Jewish World Review August 22, 2001 / 3 Elul, 5761
http://www.jewishworldreview.com -- PRESIDENT BUSH is taking some political heat this month for getting away from the oppressive heat of the Nation's Capital, but you can't fault his timing. With Congress also out of town, it's duller around here than a congressional hearing on budget and economic projections.
The good legislators are back in their districts, and a few of them have been sneaking off on the usual overseas junkets, some legitimate and some questionable.
Senators Joe Biden (D-DE) and Fred Thompson (R-TN) have made a high-profile trip to Beijing and received good ink if little else on their talks with the top Chinese on missile defense and other matters.
Rep. Dan Burton of Indiana, the Republican Whitewater scourge of Bill Clinton as chairman of the House Government Reform Committee, has also taken heat for making a side trip from a European fact-finding mission to visit his ailing wife in Germany, allegedly at taxpayer expense.
Most summers, there's some issue that keeps some burners of midnight oil in town, but this year there's little of that. Perhaps it reflects the laid-back style of our new president, whose reputation for no heavy lifting was underscored recently when he proclaimed that he had studied really, really hard to learn about stem cell research, and had uncharacteristically taken his time making a decision on it.
In the previous eight years, with Bill Clinton seemingly working hard nonstop, even when he was playing up at Martha's Vineyard or in the Hamptons with his cushy Democratic pals, it was more difficult for his subordinates to slack off. Bush, on the other hand, makes playing hooky easy.
Taking a breather at his home in Texas, and inviting with his example a more relaxed attitude on Capitol Hill over the summer, may very well be good politics in a country that endured such high-pressure politics and hi-jinks under the hyperactive Clinton. After Labor Day will be time enough to get back into the rat race. This attitude apparently has infected even the hottest reformers, like those bent on brushing aside House Speaker Dennis Hastert's procedural stall on campaign finance reform and enacting the long-delayed legislation in the fall.
When the speaker and his enforcer, Majority Whip Tom Delay, derailed the Shays-Meehan reform bill by offering a rule that promised to decimate it, the sponsors quickly got 205 signers on a petition to bypass the leadership and get a straight vote on the measure. That left the reformers only 13 signatures short of forcing the vote.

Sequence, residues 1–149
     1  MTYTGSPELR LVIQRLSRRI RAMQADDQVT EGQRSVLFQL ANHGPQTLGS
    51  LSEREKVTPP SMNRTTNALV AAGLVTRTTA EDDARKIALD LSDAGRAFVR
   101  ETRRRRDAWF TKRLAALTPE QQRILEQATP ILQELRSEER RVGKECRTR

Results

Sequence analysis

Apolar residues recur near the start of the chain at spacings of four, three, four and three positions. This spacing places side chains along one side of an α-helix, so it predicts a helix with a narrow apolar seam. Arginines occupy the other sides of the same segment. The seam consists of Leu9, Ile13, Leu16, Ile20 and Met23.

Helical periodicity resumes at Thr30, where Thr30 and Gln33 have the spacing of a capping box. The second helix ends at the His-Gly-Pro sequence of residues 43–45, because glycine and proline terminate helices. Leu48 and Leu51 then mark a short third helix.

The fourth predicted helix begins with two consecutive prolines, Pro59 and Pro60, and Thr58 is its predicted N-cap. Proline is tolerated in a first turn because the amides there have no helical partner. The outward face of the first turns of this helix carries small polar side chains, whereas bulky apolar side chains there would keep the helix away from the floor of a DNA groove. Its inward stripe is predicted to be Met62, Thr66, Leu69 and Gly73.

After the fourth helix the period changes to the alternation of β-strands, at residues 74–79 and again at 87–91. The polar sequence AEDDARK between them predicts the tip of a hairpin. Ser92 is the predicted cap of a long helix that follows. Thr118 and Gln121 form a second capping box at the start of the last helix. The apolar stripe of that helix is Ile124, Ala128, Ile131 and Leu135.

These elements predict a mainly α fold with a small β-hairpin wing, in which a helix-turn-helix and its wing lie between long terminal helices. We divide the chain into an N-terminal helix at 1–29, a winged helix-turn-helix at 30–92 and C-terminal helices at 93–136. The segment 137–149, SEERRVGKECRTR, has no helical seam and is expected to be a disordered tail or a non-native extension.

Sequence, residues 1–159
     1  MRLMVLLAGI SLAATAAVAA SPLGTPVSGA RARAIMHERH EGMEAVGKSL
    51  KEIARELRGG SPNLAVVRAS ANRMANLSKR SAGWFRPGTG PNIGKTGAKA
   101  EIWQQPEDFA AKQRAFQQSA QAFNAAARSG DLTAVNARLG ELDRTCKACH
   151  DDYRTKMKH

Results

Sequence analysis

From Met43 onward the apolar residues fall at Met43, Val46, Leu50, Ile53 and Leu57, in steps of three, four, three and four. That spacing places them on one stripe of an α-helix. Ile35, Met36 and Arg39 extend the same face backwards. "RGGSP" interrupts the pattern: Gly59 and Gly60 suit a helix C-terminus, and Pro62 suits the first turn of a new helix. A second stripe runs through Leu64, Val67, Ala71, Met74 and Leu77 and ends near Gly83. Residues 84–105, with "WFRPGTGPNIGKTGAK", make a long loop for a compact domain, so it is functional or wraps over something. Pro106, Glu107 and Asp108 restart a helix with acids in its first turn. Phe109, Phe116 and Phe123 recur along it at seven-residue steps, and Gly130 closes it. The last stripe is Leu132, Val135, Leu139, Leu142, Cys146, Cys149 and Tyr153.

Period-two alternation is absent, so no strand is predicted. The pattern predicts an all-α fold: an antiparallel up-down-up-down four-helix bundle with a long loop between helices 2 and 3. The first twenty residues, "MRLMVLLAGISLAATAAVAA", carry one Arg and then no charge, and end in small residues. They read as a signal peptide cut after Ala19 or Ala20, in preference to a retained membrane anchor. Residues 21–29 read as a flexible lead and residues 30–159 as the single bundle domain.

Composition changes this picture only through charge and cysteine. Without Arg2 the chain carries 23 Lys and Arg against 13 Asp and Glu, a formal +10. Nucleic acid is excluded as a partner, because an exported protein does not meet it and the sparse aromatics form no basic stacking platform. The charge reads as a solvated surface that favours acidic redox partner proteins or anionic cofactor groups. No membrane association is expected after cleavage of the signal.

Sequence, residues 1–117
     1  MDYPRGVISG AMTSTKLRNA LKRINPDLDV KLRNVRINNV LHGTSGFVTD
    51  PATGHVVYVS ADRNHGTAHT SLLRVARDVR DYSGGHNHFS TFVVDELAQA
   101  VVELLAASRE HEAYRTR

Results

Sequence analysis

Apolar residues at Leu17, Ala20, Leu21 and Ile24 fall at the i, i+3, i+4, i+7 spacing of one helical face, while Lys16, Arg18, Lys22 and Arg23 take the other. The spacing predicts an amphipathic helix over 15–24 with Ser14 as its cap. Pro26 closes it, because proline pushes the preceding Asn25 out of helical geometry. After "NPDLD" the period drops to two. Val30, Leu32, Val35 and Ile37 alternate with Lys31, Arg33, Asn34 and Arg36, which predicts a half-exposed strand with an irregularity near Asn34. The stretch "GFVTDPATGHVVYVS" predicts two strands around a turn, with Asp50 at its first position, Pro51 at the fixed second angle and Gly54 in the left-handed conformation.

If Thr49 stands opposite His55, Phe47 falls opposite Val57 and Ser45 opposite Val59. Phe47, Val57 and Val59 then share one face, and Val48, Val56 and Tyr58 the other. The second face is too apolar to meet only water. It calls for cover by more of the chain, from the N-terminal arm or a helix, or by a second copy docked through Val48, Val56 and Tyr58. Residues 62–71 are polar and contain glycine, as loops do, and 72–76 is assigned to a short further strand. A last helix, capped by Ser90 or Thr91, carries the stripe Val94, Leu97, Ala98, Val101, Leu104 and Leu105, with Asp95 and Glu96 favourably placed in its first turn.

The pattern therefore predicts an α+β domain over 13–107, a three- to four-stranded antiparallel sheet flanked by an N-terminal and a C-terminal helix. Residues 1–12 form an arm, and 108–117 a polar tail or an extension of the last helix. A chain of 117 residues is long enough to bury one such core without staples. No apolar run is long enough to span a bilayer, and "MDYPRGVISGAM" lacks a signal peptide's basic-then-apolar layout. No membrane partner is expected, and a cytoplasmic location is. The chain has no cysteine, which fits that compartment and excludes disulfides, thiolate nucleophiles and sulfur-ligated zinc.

They announced a campaign to obtain them over the summer with a grass-roots effort in the districts of 17 Democrats and 31 Republicans who either had voted for or signed discharge petitions on campaign finance reform in previous years. But the summer doldrums apparently have stagnated these worthies as well, and little progress has been reported. In any event, actual signatures can only be added when the House is back in session.
Reformers Chris Shays (R-CT) and Marty Meehan (D-MA) are slated to be joined by the chief sponsors of the Senate version, John McCain (R-AZ) and Russell Feingold (D-WI), at a town meeting in Memphis on Sept. 7, with a goal of obtaining the required 218 signatures to force House consideration of the bill as early as the end of the month.
On two past occasions, the Republican speaker, Newt Gingrich in 1998 and Hastert in 1999, yielded on the floor vote when the petitions got close to 218 names. Hastert has said this time he will wait and see what happens, but there seems no doubt now that the reformers will get the 13 more votes they need.
By that time, the summer snooze should be over, with everybody who matters including President Bush back at their desks reinvigorated for the windup of the congressional session. Maybe the French have it right. Most of France takes the whole month of August off, and the country has managed to
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